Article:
Ndidi Dike was born in 1960 in London. She is a Nigeria-based visual artist working in sculpture and mixed-media painting. She is one of Nigeria‘s leading female artists.She is from Amaokwe Item in Bende local government of Abia State. She has 3 living sisters 
Ndidi Dike first became interested in art as a very young child taking art classes in primary school. She completed her secondary education in England, and further explore her creativity in interdisciplinary art classes. “I loved the sense of freedom of interpretation, of exploring different media and I always felt a sense of peace during creative processes and so existed in a world of my own.” Ndidi Dike graduated from the University of Nigeria, Nsukka, with a Diploma in Music Education (voice), followed by a B.A in Fine and Applied Arts in 1984 where she major in Mixed Media Painting. After her mandatory year in the National Youth Service, Dike make the choice of becoming a professional studio artist in her home of Owerri in Imo State Nigeria. The artwork she created while in service was the majority of work she put in her first solo exhibition, titled “Mixed Media Expose, 1986″. Dike is a member of the Guild of Fine Arts, Nigeria (GFAN), and the Society of Nigerian Artists (SNA).
Dike had ten solo exhibitions between 1986 and 2002; and 57 group exhibitions between 1986 and 2005. She has participated in exhibitions in Nigeria, Africa, and internationally. Among these exhibitions are Women to Women, Weaving Cultures, Shaping History (2000), University Art Gallery, Indiana State University; Totems and Signpost, (2002), Goethe Institute, Lagos (solo), Seven Stories about Modern Art in Africa (1995), and Whitechapel Gallery, London. She had two solo exhibitions in Lagos in 2008, which include Tapestry of Life: New Beginnings at the National Museum; and Waka-into-Bondage: The Last ¾ Mile for CCA. Waka-into-Bondage was curated by Bisi Silva. This exhibition commemorated the 200th anniversary of the abolition of slave trading, which was ignored within the cultural calendar of Nigeria. Through her works in Waka-into-Bondage, Ndidi Dike sought to keep alive the memory of the epochal matter that led to the capture, enslavement, killing or death of some 21 million Africans.
In a conversation with curator Bisi Silva about this exhibition, Dike said: “I visited Badagry in 2002 to see the slave route through which large numbers of our people were sent to the Americas to work daily, for long hours on plantations under subhuman conditions. During that visit, I knew I was standing face to face with history. Yet, much as I wanted to go back sooner, it only happened in 2007 at which point I knew I wanted to capture in a dramatic visual form this cataclysmic episode in human history. No-one can visit Badagry without being moved by this ignoble part of our history or by the consequences of man’s inhumanity.” Dike’s experimentation with form led to the sculptural offering “Dwellings, Doors and Windows” in which she appropriated harbour pallets; she then broke them down to reconfigure the materials in a manner that evoked the Middle Passage. Blood is a striking motif of the sculpture, and Dike explains: “The blood represents what was shed before, during and after the Trans-Atlantic trade, but also what continues to be shed today.” –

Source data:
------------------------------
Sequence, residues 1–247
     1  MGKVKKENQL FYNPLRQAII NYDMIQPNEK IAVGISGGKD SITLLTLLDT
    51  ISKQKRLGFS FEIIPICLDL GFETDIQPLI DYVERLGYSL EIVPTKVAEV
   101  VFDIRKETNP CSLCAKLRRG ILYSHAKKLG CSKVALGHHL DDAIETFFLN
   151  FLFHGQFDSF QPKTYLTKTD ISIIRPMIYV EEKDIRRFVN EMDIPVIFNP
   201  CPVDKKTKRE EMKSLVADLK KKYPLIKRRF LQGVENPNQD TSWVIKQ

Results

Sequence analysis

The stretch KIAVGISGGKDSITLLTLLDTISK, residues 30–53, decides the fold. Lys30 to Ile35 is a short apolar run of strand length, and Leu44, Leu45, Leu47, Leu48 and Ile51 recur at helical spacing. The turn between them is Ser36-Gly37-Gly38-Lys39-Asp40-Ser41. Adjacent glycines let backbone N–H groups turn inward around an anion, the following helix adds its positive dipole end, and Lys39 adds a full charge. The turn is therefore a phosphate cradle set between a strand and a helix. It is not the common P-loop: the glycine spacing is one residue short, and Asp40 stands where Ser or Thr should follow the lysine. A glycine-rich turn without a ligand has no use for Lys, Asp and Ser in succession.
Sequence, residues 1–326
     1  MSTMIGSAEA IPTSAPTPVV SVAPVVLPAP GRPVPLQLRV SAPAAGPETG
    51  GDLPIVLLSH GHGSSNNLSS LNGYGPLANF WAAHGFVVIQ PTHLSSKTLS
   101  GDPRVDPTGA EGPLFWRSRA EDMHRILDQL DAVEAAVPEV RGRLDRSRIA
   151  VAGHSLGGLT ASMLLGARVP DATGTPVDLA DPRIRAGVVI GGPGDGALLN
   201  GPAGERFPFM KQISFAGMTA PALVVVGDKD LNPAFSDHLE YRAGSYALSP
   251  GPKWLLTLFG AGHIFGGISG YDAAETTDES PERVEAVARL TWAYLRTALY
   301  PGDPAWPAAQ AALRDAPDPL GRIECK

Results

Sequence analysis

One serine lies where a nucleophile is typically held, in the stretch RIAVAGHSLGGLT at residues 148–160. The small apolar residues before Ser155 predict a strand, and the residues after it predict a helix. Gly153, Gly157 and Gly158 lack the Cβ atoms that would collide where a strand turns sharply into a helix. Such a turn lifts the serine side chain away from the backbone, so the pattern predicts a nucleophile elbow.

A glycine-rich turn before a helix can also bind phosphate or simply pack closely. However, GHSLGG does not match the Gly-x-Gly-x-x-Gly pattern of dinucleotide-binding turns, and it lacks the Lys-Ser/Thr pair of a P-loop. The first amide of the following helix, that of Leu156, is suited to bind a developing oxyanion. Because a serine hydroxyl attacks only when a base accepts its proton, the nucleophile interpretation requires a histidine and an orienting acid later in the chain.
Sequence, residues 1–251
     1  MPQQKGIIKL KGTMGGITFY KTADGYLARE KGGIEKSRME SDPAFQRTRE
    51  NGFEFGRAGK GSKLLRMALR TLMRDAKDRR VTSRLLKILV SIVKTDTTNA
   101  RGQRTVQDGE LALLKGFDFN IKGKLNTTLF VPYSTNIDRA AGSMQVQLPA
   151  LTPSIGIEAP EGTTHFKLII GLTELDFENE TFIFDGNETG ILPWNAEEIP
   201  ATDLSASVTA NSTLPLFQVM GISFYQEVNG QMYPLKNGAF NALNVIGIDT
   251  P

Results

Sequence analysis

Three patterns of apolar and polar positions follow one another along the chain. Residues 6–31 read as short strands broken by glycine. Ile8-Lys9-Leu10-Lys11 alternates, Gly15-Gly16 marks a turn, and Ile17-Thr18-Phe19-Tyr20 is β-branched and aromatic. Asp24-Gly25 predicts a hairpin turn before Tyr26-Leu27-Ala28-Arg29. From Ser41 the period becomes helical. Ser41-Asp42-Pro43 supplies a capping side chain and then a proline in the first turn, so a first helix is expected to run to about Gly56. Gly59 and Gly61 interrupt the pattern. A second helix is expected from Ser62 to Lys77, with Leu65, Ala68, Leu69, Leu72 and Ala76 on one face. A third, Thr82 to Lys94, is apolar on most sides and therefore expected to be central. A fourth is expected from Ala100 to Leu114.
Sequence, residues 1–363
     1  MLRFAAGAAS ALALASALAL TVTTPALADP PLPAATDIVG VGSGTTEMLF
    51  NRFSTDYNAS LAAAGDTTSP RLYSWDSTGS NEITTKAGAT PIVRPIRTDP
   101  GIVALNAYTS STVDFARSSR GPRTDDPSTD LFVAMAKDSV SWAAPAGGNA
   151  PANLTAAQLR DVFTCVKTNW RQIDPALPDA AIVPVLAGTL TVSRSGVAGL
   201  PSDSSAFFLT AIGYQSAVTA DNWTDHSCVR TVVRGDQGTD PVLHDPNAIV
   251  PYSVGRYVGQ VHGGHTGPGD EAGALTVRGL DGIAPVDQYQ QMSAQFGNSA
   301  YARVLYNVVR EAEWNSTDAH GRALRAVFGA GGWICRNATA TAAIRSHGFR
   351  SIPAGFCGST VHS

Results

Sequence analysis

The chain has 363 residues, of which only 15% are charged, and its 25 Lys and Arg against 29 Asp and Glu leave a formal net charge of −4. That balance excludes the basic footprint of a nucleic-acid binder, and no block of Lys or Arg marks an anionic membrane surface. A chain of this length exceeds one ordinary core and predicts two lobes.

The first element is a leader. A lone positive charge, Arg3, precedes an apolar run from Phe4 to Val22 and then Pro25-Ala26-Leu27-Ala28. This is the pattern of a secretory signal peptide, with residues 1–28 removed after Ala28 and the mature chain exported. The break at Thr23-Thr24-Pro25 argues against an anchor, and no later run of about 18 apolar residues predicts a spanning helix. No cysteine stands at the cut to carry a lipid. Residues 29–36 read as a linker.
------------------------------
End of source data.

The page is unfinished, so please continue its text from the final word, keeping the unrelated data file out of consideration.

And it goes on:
Although slavery is no longer legal anywhere in the world, human trafficking remains an international problem and an estimated 29.8 million persons are living in illegal slavery today. In modern times, the trading of children has been reported in modern Nigeria. Dike announced in an interview after her 2008 exhibition that she aimed to further explore this issue in her future works: “As I stated earlier, slave trading may have been abolished by the British parliament 200 years ago, but it is still in practice in certain countries. There are so many countries where the condition of the Black people leaves much to be desired. These new forms of slavery are not yet captured in the current works. I hope to reflect them soon in another set of works.”
More recent exhibitions include Unknown Pleasures and Competing Tendencies; National Museum Onikan, Lagos (2012); Biennale Jogja XIII Hacking Conflict Indonesia meets Nigeria (2015); State Of The Nation, new works and installations, National Museum Onikan, Lagos (2016); Constellations: Floating Space, Motion and Remembrance, Iwalewahaus Bayreuth, Germany (2017); In The Guise of Resource Control, VillaVasslieff, Paris (2017); Ex-Africa, Centro Cultural Banco do Brasil (2017–2018); Belo Horizonte Brasil: Vanishing Voices 11th Bienal do Mercosul, Porto Alegre Brazil (2018); Dakart Biennale (2018); Feedback: Art, Africa and the 1980s, Iwalewahaus (2018); Prince/sses Of The City, Palais de Tokyo (2019); Lagos Biennial at Independence House, Lagos (2019).
Dike’s career includes international residencies such as Ragdale Foundation (Lake Forest, Illinois, USA), Yorkshire Sculpture Park (UK), TENQ in Senegal, Africa ’95 programme, Gasworks (London), Jogja Biennale XIII: Hacking Conflict 2015 (Indonesia), Iwalewahaus (Bayreuth, Germany 2018), Villa Vasilieff Penord Ricard Fellow in 2017 (Paris).
Dike’s work is in public and private collections in Nigeria and abroad.